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Carter Page Is Suing the U.S. Government for One Dollar

Carter Page on Fox news with Martha MacCallum. Image via Youtube.

For the past year and a half, former Trump campaign adviser Carter Page has been the focus of the special counsel’s investigation into collusion between Trump associates and Russian officials during the 2016 presidential election, and all sorts of accusations have been flying his way.

After many months of being on the defensive, Page is now taking a more offensive stance, spurred by the release of the FISA abuse memo showing that the FBI used the Clinton-funded, anti-Trump dossier to obtain a FISA warrant to spy on him before the 2016 election.

On the day the House Intelligence Committee released the FISA memo, Page  updated his defamation lawsuits against various news organizations for publishing defamatory stories about him. He is also suing the United States government for being the source of those stories.

Page filed a 400-page defamation lawsuit against Yahoo and the Huffington Post in September

The suit also targeted the Broadcasting Board of Governors, whose outlets Radio Free Europe/Radio Liberty, both controlled by the United States, wrote an account based off of the Yahoo article. According to Page, the federal government helped to spread the allegations against him.

The foreign policy analyst told Fox News’ Martha MacCallum on Tuesday that he is suing the U.S. government for one dollar, hoping that in the future it will  “start acting responsibly.”

Page said the Russian bot farm indicted by Special Counsel Mueller last week was actually a pretty minor operation compared to what the United States has been up to.

“You compare that to Broadcasting Board of Governors, a U.S. federal agency, which is funding Radio Free Europe and others that are putting out these defamatory articles against the Trump movement,” Page argued.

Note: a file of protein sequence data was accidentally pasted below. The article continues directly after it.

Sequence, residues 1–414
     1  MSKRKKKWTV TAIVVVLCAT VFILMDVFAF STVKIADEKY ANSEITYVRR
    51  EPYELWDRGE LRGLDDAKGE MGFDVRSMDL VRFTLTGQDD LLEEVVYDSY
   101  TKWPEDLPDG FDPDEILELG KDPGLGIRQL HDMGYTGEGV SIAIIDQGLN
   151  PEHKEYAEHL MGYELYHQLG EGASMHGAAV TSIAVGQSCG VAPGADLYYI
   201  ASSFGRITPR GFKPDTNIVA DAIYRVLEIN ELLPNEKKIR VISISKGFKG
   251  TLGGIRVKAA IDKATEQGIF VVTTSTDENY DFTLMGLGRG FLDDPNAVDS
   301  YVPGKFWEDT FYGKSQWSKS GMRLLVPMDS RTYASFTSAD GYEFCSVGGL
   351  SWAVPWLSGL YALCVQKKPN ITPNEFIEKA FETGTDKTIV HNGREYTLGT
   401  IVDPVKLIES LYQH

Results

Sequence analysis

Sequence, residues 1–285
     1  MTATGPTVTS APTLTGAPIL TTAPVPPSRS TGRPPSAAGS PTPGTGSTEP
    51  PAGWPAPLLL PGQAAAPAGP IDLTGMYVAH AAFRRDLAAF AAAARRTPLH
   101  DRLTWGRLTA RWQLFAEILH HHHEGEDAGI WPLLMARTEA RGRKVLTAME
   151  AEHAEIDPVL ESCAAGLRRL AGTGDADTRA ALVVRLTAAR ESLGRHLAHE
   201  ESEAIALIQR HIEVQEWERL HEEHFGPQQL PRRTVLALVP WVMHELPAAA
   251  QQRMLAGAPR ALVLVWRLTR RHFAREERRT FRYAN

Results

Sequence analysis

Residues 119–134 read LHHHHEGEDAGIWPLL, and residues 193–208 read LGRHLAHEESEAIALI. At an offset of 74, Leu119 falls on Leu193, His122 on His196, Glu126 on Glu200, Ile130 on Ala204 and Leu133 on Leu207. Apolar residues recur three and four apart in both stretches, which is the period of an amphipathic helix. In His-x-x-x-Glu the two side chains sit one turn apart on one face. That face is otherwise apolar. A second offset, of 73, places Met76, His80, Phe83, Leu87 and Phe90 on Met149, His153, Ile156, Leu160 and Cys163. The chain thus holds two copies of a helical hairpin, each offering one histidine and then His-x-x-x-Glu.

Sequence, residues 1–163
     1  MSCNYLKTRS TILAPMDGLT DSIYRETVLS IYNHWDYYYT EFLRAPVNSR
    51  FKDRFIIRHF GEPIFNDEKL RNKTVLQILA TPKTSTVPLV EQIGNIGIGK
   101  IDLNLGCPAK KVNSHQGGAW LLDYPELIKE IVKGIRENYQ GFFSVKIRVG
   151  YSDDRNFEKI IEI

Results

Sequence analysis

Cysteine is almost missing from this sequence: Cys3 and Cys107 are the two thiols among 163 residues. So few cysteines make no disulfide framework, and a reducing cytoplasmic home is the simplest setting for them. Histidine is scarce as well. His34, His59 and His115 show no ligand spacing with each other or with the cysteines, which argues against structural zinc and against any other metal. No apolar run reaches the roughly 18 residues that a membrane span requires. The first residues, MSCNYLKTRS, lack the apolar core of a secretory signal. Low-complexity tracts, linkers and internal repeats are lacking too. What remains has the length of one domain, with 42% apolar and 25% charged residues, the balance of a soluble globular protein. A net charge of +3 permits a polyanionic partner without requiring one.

Page said that the defamatory articles Radio Free Europe was posting about the Trump campaign and himself included links to share the information via Facebook, Twitter, Linke In, etc. All paid for by American taxpayers.

The Broadcasting Board of Governors’ budget for Radio Free Europe in 2017 was $100,000, he said.

Carter Page is not alone in his criticism of the Broadcasting Board of Governors. A growing chorus of critics is ringing alarm bells about the wayward agency.

The Wall Street Journal editorial board, in fact, urged the president to dismiss the current board and nominate “a CEO who’s more attuned to foreign policy and the fight for freedom.”

“I’m hoping that as they’re now entering phase two in the House Intelligence Committee, they’ll get to the bottom of all that,” he said.

“You believe it [Russia collusion narrative] is coming apart?” MacCallum asked.

“Big time,” Page answered.

The Fox News host asked him what he meant when he said that the collapse of the Russia narrative would “set people free.”

“If you look at the civil rights abuses that were taken against me and other members of the Trump movement …” Page began, gathering his thoughts. “Again — all of my communications were hacked and wiretapped for over a year. And, you know, you think about the tremendous resources that took — not only in terms of fake news U.S. government propaganda in 2016, but even with the FBI. The wiretap for me was issued on October 21, 2016, and was renewed three times, ninety days each. So that would have gone to October 2017,” he said.

MacCallum asked Page if he thought that he was being used as a doorway to spy on other Trump associates.

“Of course,” he answered.

Page admitted to feeling like a bit of a “patsy,” as Don Jr. had called him, because he had not fought back against the propaganda earlier. “I think it –you know — might have potentially helped,” he said.

Asked if he was suing the U.S. government over what it did, he answered “absolutely.”

“All I want from the U.S. government is one dollar,” he said. “And to start acting responsibly.”

Page added that the country seems to be turning a corner now that Attorney General Jeff Sessions is finally “taking steps.”

“I’m quite optimistic,” he said.